5 ways to ensure your child gets a good night’s sleep

2012-08-07 15:49:35 by Public Relations staff, as posted on the inside.akronchildrens.org blog.

For many kids, summer break means staying up late and sleeping in, whether they’re having sleepovers with friends, camping out or just enjoying warm summer nights.

With a new school year just around the corner, it will soon be time to get back into the routine of going to bed and getting up early.

Staying up or sleeping in over a period of time resets our body’s internal clock, also known as circadian rhythm. That’s why it’s important to give your kids a few days to return to their regular sleep schedule before the first day back to school.

“It’s hard to change our circadian rhythm quickly,” said Greg Omlor, MD, director of Pulmonary Medicine and the Akron Children’s Hospital Sleep Center. “Kids need at least a few days before the start of the school year to adjust.”

If your child’s schedule has varied significantly from his usual school routine and he’s staying up or sleeping in much later than normal, it will take as long as five days to get back on schedule.

Kids also need much more sleep than the typical eight hours recommended for adults. School age kids require 12-13 hours each night, while those in middle school need about 10-11 hours. Teens, especially younger teens, should get nine hours.

How can you tell if your child is getting enough sleep? In addition to the obvious signs of sleepiness, kids who are not well rested may:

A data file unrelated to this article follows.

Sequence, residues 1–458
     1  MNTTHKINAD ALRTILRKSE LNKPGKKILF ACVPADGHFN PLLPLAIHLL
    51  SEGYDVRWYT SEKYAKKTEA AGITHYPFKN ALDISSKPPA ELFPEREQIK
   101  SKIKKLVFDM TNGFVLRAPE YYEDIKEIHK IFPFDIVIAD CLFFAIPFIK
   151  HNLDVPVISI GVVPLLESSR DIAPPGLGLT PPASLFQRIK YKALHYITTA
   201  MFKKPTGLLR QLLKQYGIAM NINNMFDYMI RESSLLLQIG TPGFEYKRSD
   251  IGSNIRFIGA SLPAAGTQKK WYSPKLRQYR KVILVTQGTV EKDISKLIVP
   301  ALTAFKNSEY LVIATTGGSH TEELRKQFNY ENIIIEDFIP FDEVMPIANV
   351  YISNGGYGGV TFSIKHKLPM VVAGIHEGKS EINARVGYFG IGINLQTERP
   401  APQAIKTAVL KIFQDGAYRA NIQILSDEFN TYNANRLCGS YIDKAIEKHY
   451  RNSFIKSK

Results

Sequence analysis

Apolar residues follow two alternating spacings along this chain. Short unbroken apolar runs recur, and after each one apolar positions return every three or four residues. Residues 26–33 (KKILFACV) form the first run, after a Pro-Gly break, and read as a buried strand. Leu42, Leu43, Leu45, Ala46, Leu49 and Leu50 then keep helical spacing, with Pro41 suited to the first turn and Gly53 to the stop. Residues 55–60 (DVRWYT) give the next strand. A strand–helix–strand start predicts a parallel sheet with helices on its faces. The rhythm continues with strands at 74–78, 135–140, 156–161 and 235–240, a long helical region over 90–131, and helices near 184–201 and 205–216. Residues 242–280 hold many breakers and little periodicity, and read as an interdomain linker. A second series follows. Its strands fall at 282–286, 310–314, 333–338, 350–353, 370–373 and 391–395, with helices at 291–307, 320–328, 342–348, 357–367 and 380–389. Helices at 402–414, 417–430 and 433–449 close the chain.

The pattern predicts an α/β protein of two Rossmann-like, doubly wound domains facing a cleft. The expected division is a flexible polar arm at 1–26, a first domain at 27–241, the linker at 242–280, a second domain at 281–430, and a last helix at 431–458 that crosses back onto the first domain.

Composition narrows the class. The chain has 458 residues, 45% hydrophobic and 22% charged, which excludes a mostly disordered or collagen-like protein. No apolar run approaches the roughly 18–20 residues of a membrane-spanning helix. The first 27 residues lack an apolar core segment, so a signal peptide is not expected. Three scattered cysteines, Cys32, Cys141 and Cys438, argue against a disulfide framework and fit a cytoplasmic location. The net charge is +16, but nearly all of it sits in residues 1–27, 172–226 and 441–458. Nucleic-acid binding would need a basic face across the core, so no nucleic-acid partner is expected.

• Have trouble focusing or paying attention

  • Be overexcited or jumpy

  • Be irritable or fussy

  • Have difficulty controlling impulses or emotions





Dr. Greg Omlor

Dr. Omlor recommends these five strategies to ensure your child is rested and ready to take on a busy school day:




  1. Follow a consistent bedtime routine that prepares the body to settle down. This can include reading, taking a bath or shower, having a light snack or listening to soothing music. Avoid music that is hard driving or fast.

  2. Make sure the room is dark, especially if your child will be going to bed while it’s still light out.

  3. Avoid caffeine after dinner. This includes chocolate and chocolate milk.

  4. Don’t allow TV in the bedroom or watching too close to bedtime, as many programs can get kids excited or upset, making it difficult to wind down. The same goes for video and computer games.

  5. Create a soothing bedroom environment. If there’s a lot of noise from traffic or a barking dog, a fan or white noise machine can drown out distracting sounds.



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